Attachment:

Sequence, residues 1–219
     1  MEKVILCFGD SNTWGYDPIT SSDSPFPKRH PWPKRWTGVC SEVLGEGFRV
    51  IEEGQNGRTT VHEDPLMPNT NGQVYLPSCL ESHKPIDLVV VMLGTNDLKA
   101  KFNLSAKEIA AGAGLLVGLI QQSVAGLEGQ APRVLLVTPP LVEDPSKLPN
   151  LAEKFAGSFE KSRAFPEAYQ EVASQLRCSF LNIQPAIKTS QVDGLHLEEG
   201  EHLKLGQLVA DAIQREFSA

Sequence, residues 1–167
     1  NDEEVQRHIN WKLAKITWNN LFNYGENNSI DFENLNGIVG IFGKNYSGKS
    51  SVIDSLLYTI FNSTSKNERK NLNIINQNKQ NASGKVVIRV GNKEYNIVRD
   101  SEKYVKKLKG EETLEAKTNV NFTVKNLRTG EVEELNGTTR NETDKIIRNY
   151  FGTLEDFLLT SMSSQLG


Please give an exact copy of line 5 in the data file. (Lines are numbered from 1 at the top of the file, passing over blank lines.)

   151  LAEKFAGSFE KSRAFPEAYQ EVASQLRCSF LNIQPAIKTS QVDGLHLEEG